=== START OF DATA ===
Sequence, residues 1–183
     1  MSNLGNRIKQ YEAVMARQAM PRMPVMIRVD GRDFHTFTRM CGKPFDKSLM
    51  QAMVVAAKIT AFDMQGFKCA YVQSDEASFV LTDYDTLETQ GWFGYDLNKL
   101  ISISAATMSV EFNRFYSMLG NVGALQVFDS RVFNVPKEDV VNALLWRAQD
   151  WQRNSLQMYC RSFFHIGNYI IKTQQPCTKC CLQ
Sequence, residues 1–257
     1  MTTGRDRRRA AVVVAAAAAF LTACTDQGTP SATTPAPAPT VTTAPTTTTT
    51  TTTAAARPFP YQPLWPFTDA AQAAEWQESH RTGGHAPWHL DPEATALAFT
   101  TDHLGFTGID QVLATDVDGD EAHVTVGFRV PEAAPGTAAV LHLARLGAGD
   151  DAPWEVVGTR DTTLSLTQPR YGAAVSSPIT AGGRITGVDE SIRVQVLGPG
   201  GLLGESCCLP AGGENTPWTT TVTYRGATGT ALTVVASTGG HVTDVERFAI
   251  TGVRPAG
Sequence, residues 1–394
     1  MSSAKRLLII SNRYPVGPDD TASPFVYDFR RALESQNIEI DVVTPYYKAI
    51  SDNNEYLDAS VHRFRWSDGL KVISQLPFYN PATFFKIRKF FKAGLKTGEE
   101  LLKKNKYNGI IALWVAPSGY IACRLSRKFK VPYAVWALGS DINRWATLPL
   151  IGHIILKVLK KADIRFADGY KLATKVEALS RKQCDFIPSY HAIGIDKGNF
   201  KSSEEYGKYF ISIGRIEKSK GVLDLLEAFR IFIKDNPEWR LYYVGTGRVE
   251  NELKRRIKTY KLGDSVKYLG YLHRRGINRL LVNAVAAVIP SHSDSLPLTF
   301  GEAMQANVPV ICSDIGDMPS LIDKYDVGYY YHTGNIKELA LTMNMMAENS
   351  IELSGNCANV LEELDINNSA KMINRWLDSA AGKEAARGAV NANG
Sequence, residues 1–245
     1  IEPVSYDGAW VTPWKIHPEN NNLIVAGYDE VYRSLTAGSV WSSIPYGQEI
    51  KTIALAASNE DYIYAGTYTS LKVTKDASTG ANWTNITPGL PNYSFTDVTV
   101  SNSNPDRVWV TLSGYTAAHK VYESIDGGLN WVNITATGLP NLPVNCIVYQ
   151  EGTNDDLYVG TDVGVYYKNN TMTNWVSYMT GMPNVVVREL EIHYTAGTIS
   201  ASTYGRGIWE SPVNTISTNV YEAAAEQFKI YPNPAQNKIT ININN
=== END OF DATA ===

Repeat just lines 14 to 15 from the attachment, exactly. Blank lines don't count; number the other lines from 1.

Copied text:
     1  MSSAKRLLII SNRYPVGPDD TASPFVYDFR RALESQNIEI DVVTPYYKAI
    51  SDNNEYLDAS VHRFRWSDGL KVISQLPFYN PATFFKIRKF FKAGLKTGEE